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    Healthy Eating: Cutting Unhealthy Fats From Your Diet

    Healthy Eating: Cutting Unhealthy Fats From Your Diet

    Introduction

    Foods like cheese, butter, sausage, and desserts may taste good to you, but they can have a lot of saturated fat and cholesterol. Eating too much of these unhealthy fats could lead to high cholesterol and heart disease.

    Start with small changes first. Use heart-healthy olive or canola oil instead of butter for cooking. Drink fat-free or low-fat milk instead of 2% milk or whole milk. Pick leaner cuts of meat.

    Use this topic as a guide for making healthy choices.

    How To

    Use the following chart as a guide.

    Options for replacing unhealthy fats
    Food group Limit foods that are high in unhealthy fats Make healthier choices
    Meat, poultry, and fish

    Regular ground beef, fatty or highly marbled cuts, spare ribs, organ meat, poultry with skin, fried chicken, fried fish, fried shellfish, lunch meat, bologna, salami, sausage, hot dogs

    Extra-lean ground beef (97% lean), ground turkey breast (without skin added), meats with fat trimmed off before cooking, skinless chicken, low-fat or fat-free lunch meats, baked fish

    Dairy products and eggs

    Whole milk and 2% milk; whole-milk yogurt, most cheeses, and cream cheese; whole-milk cottage cheese, sour cream, and ice cream; cream; half-and-half; whipping cream; nondairy creamer; whipped topping

    Low-fat (1%) or fat-free milk and cheeses, low-fat or nonfat yogurt, egg substitutes, egg whites

    Fats and oils

    Coconut oil, palm oil, butter, lard, shortening, bacon and bacon fat, stick margarine, peanut butter that has been hydrogenated (the no-stir kind)

    Canola oil, olive oil, peanut oil, soft margarines with no trans fats and no more than one-third of the total fat from saturated fat, natural peanut butter that has not been hydrogenated

    Breads and cereals

    Breads in which eggs, fat, or butter is a major ingredient; most granolas (unless fat-free or low-fat); high-fat crackers; store-bought pastries and muffins

    Regular breads, cereals, rice, corn tortillas, pasta, and low-fat crackers. Choose whole grains as much as possible.

    Fruits and vegetables

    Fried vegetables; coconut; vegetables cooked with butter, cheese, or cream sauce

    All fruits and vegetables that do not have added fat

    Sweets and desserts

    Ice cream; store-bought pies, cakes, doughnuts, and cookies made with coconut oil, palm oil, or hydrogenated oil; chocolate candy

    Fruit; frozen yogurt; low-fat or nonfat versions of treats such as ice cream; cakes and cookies made with unsaturated fats and/or those made with cocoa powder

    Tips for healthier meals

    Try some of these ideas:

    • Fill up on fruits, vegetables, and whole grains.
    • Think of meat as a side dish instead of as the main part of your meal.
    • Try main dishes that use whole wheat pasta, brown rice, dried beans, or vegetables.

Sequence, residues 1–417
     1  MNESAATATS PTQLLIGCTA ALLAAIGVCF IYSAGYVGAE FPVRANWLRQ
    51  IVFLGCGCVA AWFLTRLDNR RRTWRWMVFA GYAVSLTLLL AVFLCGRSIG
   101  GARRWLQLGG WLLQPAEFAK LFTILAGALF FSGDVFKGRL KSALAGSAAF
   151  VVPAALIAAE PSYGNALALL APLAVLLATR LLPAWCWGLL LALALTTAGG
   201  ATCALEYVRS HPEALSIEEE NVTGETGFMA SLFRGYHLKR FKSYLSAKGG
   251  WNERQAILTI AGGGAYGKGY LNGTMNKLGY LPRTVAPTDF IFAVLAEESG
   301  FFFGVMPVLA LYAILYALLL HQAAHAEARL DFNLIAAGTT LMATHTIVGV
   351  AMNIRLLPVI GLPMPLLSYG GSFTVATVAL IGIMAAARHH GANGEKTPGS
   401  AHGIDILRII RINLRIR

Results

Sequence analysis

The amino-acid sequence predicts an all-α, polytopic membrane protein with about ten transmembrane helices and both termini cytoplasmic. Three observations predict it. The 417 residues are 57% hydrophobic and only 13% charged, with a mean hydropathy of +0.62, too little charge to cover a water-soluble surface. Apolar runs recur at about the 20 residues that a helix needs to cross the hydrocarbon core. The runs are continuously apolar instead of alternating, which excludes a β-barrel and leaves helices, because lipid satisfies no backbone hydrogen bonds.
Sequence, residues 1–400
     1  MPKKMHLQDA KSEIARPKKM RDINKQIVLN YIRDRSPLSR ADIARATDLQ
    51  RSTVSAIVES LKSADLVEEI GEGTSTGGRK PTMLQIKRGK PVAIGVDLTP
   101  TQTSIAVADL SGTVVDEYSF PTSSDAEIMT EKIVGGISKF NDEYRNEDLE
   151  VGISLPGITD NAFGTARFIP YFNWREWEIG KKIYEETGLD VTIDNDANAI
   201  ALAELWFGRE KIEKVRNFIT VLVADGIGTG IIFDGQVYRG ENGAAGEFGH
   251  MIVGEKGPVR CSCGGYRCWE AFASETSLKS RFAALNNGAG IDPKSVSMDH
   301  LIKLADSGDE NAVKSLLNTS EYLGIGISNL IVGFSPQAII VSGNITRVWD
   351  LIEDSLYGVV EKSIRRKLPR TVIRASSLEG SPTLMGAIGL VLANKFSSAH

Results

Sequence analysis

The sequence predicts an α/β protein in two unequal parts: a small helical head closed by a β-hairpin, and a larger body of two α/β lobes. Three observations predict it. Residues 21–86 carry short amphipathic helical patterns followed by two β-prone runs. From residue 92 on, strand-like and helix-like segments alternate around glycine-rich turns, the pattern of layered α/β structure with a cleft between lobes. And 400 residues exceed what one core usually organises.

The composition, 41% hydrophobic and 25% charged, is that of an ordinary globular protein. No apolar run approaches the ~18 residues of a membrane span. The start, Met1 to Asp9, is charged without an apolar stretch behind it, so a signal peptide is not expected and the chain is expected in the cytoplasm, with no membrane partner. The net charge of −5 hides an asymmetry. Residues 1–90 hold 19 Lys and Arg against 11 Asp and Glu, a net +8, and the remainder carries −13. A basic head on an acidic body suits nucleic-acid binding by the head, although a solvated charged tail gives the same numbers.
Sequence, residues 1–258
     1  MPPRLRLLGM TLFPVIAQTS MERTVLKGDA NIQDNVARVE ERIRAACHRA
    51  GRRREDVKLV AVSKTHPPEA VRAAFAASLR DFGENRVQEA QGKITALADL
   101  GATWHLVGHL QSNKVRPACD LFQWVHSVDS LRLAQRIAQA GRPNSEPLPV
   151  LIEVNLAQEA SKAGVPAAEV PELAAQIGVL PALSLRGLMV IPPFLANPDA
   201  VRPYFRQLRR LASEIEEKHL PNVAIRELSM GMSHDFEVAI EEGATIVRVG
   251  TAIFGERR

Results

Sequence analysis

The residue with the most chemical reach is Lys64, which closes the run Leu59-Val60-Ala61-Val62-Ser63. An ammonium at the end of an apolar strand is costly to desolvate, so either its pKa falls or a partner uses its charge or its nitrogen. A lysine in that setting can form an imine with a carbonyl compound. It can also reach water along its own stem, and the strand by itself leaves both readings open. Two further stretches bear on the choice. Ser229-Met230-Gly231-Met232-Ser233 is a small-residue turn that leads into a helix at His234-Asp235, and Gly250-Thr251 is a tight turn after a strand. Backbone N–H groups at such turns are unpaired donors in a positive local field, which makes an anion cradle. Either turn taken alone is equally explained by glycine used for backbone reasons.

• Use cooking methods with little or no fat, such as broiling, steaming, or grilling. Use cooking spray instead of oil. If you use oil, use a monounsaturated oil, such as canola or olive oil.
    • Trim fat from meats before you cook them. Drain off fat after you brown the meat or while you are roasting it.
    • Chill soups and stews after you cook them so that you can skim off the fat after it gets hard.
    • To get more omega-3 fatty acids, have fish twice a week. Add ground flaxseed to cereal, soups, and smoothies. Sprinkle walnuts on salads.
    • When you bake muffins or breads, replace part of the fat ingredient (oil, butter, margarine) with applesauce, or use canola oil instead of butter or shortening.
    • Read food labels on canned, bottled, or packaged foods. Choose those with little saturated fat and no trans fat.

    Restaurant meals

    If you eat out often, it may be hard to avoid unhealthy fats. Try these tips:

    • Order foods that are broiled or poached rather than fried or breaded. Restaurants often use trans fats (hydrogenated oils) for frying foods.
    • Cut back on the amount of butter or margarine that you use on bread. Use small amounts of olive oil instead.
    • Order sauces, gravies, and salad dressings on the side, and use only a little.
    • When you order pasta, choose tomato sauce rather than cream sauce.
    • Ask for salsa with a baked potato instead of sour cream, butter, cheese, or bacon.
    • Don't upgrade your meal to a larger size.
    • Watch portion sizes. Share an entree, or take part of your food home to eat as another meal. Share appetizers and desserts.

    Fat-free foods

    Sometimes a fat-free food isn't the best choice. Fat-free cookies, candies, chips, and frozen treats can still be high in sugar and calories. Some fat-free foods have more calories than regular ones. Eat fat-free foods in moderation, as you would other foods.

    Credits

    By Healthwise Staff
    Kathleen Romito, MD - Family Medicine
    Rhonda O'Brien, MS, RD, CDE - Certified Diabetes Educator
    Last Revised November 9, 2013

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